I think this will be a good shake-up. There is a lot of old employees, managers, and adminstrators who are stuck in their ways and have been doing things the same way for more than a decade. A lot of great employees but they have their habits set. It will be nice to get some fresh blood to shake it up a bit and improve its image and give it a chance to reinvent itself. In reality though, I give it two years. Lifepoint will come in, cut overhead by firing/cutting hours/HR tricks to alienate higher seniority nurses/staff thus lowering the average wages. They won't make a profit do to poor payor mix/high unemployment so they will cut unprofitable service lines and outsource and transfer all but the basic of services. Eventually 5-7 years later they will sell the hospital to Vidant (if not merged with UNC) who will promptly close it to funnel all patients to the main hospital where the profit margin is better.

Thursday, August 29, 2013 at 8:34 PM
Question said...

Whoever ends up in charge, lets hope they do something about the pathetic emergency room we have here. Its a disgrace, and is the biggest reason the hospital has the reputation it does. Unless you are facing a life threatening situation, you are much better off riding to Greenville or Raleigh for emergency service. Who wants to wait two hours or more to be seen?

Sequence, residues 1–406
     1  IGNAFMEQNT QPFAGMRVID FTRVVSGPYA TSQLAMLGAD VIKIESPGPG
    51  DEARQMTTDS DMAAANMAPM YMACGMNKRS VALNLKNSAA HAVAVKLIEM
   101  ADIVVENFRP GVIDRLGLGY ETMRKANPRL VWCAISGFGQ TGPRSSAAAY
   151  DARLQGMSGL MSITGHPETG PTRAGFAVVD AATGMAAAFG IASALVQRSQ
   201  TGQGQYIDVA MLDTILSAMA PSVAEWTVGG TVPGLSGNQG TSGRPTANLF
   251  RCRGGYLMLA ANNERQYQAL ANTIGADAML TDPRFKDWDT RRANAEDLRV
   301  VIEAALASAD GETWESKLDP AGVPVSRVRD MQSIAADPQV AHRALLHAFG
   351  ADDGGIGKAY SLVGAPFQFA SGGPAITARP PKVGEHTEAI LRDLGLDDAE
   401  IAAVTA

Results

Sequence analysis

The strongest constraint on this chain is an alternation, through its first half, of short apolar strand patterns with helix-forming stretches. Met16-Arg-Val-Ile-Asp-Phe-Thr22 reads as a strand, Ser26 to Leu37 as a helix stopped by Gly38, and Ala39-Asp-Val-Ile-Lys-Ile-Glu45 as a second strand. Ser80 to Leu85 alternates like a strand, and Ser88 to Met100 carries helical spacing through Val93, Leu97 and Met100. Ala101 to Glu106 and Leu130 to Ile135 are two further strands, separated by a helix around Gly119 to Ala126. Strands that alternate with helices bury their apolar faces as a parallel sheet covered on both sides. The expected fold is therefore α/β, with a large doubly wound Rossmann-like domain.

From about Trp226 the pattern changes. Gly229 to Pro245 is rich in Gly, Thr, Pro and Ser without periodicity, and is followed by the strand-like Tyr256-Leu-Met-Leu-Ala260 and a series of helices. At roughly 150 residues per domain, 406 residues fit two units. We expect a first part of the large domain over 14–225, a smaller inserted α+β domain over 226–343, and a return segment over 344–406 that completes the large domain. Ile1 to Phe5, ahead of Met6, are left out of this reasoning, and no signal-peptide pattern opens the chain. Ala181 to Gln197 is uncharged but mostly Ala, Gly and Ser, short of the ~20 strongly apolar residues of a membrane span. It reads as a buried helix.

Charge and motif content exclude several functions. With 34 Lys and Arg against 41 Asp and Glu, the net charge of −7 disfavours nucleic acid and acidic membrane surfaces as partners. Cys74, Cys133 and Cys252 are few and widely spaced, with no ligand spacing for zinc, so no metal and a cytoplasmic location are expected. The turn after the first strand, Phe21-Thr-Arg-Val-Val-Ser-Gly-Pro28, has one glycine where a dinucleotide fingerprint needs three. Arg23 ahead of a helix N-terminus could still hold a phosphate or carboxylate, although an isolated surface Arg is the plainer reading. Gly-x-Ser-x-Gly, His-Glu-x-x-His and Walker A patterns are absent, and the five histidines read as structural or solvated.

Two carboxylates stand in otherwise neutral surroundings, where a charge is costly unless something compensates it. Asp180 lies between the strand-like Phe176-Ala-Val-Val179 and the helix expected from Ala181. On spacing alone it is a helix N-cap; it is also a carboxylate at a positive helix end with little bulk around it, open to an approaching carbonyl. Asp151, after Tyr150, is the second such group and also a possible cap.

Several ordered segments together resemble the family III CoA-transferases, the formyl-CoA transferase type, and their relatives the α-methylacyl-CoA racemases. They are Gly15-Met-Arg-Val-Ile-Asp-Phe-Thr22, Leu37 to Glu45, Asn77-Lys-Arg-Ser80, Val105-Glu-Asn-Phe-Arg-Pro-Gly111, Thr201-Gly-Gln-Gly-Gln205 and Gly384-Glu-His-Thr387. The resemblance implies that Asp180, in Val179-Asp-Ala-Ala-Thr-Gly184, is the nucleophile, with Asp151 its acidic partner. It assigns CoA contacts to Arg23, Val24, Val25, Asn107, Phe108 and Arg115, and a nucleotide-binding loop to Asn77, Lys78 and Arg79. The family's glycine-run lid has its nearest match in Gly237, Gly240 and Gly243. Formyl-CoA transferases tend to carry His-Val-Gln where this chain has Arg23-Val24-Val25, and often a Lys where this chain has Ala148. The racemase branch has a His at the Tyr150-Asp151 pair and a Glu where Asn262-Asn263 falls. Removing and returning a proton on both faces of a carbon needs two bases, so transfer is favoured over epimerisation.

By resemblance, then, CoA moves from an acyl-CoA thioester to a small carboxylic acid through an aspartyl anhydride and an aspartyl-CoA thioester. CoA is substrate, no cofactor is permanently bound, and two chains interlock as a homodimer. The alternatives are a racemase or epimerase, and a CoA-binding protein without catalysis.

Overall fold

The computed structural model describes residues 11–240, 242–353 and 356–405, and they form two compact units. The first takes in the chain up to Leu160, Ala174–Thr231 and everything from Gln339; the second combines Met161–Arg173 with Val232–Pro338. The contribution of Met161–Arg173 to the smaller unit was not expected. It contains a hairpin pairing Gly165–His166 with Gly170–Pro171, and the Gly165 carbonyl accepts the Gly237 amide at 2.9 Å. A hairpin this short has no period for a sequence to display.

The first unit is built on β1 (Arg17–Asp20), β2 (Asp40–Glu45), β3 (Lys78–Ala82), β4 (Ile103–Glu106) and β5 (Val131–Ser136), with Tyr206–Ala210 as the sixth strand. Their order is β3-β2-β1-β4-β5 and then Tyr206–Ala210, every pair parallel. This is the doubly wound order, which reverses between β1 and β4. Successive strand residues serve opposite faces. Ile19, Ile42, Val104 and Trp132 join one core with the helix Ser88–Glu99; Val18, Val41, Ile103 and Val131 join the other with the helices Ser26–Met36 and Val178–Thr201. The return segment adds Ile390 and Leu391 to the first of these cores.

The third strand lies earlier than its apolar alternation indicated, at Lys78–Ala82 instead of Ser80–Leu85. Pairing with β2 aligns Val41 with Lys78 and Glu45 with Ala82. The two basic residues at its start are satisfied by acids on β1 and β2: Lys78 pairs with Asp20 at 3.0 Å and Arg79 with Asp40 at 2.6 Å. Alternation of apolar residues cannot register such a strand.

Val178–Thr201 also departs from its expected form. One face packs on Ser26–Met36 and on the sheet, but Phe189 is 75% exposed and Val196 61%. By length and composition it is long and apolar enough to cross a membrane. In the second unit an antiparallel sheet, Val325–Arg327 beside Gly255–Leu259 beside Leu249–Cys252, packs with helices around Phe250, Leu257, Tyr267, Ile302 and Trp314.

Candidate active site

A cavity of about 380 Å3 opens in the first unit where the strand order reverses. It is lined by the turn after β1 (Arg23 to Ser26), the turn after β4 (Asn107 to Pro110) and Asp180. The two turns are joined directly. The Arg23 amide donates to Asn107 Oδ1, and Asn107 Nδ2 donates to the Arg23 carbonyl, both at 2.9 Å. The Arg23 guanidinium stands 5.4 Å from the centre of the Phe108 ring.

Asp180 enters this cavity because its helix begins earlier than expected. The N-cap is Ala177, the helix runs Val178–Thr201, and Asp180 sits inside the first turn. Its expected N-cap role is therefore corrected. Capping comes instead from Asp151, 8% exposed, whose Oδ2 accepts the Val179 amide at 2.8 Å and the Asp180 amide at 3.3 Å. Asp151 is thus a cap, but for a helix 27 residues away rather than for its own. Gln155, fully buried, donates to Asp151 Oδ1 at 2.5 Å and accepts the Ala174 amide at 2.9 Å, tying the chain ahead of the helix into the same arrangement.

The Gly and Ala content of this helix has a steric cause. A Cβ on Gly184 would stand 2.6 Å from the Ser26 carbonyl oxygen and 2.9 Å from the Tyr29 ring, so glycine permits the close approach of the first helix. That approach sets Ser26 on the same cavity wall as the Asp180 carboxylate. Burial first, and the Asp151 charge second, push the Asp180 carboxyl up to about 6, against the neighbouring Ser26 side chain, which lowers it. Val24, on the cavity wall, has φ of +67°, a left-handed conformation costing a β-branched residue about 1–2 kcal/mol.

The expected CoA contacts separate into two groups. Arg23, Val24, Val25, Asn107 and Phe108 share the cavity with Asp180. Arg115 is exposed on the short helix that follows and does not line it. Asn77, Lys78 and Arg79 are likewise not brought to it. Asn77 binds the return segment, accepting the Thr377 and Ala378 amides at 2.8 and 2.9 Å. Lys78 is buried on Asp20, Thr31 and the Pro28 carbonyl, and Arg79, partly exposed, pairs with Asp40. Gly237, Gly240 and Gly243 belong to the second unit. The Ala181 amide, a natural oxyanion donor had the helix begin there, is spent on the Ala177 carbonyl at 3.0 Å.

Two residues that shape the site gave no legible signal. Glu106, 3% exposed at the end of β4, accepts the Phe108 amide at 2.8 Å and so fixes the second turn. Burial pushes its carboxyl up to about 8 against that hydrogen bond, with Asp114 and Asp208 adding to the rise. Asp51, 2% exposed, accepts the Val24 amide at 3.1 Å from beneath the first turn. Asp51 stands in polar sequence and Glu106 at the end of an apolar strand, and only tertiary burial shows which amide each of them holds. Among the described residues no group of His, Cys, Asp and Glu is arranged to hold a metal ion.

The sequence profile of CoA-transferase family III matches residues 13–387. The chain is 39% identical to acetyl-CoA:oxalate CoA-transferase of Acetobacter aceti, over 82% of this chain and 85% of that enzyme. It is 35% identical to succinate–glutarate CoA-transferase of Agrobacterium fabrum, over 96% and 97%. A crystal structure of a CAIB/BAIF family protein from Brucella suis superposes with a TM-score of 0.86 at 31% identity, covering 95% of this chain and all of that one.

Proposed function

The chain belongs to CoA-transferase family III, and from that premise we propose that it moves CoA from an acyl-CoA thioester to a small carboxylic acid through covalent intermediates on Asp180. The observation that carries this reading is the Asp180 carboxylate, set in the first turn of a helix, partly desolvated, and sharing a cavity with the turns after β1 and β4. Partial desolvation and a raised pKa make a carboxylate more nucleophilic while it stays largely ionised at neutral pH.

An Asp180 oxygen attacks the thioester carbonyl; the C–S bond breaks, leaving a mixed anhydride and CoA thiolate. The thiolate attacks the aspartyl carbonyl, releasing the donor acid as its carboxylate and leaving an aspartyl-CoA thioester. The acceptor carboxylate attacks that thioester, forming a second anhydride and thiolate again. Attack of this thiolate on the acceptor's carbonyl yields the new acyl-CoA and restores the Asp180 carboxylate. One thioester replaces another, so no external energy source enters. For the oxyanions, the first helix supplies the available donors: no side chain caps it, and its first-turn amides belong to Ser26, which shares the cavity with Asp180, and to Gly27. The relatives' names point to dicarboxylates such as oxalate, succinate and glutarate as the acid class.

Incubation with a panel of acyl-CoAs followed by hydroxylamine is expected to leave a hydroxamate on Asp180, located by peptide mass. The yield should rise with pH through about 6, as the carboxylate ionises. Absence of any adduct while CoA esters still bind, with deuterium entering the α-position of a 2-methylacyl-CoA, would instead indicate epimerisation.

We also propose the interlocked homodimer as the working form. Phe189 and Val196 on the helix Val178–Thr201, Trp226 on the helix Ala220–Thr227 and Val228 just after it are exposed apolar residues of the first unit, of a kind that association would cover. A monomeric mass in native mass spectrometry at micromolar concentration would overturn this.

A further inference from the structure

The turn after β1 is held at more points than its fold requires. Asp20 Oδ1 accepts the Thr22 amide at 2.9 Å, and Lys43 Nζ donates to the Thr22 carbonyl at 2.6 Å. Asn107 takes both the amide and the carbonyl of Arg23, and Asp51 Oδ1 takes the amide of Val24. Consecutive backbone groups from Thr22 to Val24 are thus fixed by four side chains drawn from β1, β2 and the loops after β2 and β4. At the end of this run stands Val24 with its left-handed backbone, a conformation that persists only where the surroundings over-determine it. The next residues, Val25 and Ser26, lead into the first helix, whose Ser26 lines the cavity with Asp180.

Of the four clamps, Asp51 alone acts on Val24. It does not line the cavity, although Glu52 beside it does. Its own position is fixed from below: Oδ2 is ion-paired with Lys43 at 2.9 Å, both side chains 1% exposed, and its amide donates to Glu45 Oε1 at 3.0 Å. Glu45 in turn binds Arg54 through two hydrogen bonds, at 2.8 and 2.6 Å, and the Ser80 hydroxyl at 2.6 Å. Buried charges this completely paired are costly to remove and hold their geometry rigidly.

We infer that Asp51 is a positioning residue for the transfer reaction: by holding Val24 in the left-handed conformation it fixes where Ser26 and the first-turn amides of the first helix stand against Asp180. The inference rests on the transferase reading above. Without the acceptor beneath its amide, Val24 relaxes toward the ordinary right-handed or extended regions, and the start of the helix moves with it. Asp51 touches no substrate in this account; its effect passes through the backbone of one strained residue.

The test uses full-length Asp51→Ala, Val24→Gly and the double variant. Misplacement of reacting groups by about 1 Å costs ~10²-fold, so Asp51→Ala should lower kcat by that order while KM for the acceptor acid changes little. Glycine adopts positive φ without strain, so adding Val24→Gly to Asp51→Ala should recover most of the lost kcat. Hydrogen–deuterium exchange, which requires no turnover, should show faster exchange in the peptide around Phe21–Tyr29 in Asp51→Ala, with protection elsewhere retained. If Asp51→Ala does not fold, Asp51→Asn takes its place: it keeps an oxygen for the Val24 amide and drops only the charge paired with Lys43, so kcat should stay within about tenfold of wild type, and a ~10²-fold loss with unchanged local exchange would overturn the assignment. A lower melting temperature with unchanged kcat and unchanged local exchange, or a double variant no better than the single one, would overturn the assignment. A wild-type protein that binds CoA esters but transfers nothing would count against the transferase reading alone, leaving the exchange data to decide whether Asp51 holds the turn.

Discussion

Thursday, August 29, 2013 at 7:51 PM Duke? said...

I wonder how invested Duke is in this partnership. It appears that Duke is 3% of the partnership while LifePoint is 97% of Duke LifePoint.

Thursday, August 29, 2013 at 1:12 PM Employee said...

I hope that we can become competitive with Vidant and Wake when it comes to employee benefits and incentives. I am dedicated to working in the community that I live in, but in the past 5 years, Wilson Medical Center has cut the wages and benefits of every employee in some way. To have dedicated nursed in the Emergency Department which is responsible for a majority of the complaints is bring back wage incentive programs such as NAS and WAS. These programs give employees the reason to stay at the facility and venture off to Wake or Vidant. Come on Wilson, don't settle for second, lets take care of our own.

Thursday, August 29, 2013 at 9:02 AM Big Mistake said...

This choice of a "partner" is a mistake for the Wilson community! A bigger mistake would be to continue leadership as is...that's where the problems are...upper, middle and lower management!

Thursday, August 29, 2013 at 7:37 AM